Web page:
Deterministic prediction of CVS share price

Deterministic prediction of share prices has been long considered as an impossible task in the current market paradigm. Stochastic approach to market prices has really won the hearts of market participants. This conclusion has been made in rash, however. Logically, no finite number of failures to describe and predict a measurable process is enough to prove that it has deterministic nature. People do fail to describe processes and events in scientific way, but this is the characteristic of people not processes. On the contrary, one (or several) example is enough to demonstrate that the link between share prices and CPIs is deterministic in principle, and thus, to demonstrate that the stochastic approach is not fully correct.

The model for CVS Caremark Corporation has been very stable over the past two years and helps to prove the deterministic character of share price setting. A very exciting feature of the CVS price model we developed two years ago is the possibility of prediction at a 4 months horizon. As with Avery Dennison Corporation we have been following the CVS share of since 2009, i.e. since we started to develop our concept of share pricing as related to consumer price indices.

The CVS model has not been changing much and is still defined by the consumer price index of other food at home (OFH) and that transportation services (TS). The former CPI component leads the share price by 4 months and the latter one - by 5 months. Figure 1 depicts the overall evolution of both involved indices. These two defining components provide the best fit model between August 2009 and December 2010. Relevant coefficients are both negative. Therefore the growth in both indices causes the share price to fall with a several month delay. The slope of time trend is positive. The best-fit 2-C model for CVS(t) is as follows:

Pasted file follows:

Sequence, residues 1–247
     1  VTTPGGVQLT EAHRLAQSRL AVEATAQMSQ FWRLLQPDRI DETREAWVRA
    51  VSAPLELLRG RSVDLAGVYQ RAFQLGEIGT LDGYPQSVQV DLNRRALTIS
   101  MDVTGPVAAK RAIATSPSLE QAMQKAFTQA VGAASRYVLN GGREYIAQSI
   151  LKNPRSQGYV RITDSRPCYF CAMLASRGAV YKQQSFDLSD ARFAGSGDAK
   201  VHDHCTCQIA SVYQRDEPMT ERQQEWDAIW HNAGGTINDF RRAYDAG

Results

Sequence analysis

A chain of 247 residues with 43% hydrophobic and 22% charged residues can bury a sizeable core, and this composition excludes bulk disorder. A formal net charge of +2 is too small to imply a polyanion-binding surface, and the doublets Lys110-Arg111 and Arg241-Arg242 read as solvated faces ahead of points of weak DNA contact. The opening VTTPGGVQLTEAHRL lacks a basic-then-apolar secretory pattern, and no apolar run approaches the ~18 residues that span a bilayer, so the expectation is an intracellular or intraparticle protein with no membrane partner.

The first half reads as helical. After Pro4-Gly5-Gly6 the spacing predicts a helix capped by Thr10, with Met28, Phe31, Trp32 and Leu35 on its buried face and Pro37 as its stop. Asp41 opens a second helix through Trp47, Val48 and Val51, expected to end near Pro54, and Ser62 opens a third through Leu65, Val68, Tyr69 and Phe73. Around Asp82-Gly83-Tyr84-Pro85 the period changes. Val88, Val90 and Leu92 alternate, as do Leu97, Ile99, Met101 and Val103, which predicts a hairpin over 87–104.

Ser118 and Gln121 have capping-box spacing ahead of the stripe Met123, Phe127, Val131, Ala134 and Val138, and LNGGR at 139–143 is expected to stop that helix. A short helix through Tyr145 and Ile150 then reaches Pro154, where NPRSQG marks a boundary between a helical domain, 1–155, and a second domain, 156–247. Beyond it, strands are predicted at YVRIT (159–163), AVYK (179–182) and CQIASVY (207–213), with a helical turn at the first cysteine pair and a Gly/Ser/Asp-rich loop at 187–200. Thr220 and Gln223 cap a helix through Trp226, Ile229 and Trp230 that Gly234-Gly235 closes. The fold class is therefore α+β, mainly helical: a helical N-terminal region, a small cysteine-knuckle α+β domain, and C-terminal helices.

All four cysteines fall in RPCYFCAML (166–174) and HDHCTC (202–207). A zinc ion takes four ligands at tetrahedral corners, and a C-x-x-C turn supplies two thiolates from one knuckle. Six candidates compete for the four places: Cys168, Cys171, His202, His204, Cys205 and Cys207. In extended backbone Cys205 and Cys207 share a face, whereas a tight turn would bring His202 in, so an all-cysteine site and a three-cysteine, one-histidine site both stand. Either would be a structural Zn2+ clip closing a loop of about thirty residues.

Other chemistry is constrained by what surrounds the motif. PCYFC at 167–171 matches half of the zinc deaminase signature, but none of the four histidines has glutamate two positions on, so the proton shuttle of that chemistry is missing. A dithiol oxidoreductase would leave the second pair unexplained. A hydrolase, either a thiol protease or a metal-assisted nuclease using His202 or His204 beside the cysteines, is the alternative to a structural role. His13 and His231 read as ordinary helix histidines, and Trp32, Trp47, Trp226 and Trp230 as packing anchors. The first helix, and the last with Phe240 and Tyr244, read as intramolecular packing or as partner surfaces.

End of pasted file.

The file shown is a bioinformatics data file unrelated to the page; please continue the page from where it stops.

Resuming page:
CVS(t) = -0.51*OFH(t-4) – 1.23*TS(t-5) + 12.15(t-2000) + 195.93

where t is calendar time.

The predicted curve in Figure 2 leads the observed price by 4 months with the residual error of $1.88 for the period between June 2003 and December 2010. The model provides and an excellent and very stable prediction of the share price in the past. Moreover, it foresees a period of no growth in the first quarter of 2011. It is necessary to stress again that the model has been predicting the CVS share price since August 2009 with the same accuracy. The prediction for the first quarter of 2011 is the next step to validate the model.

Figure 1. Evolution of the price of OFH and TS.

Figure 2. Observed and predicted CVS share prices. Black diamonds present the contemporary prediction shifted 4 months ahead to fit actual data.

No comments:

Post a Comment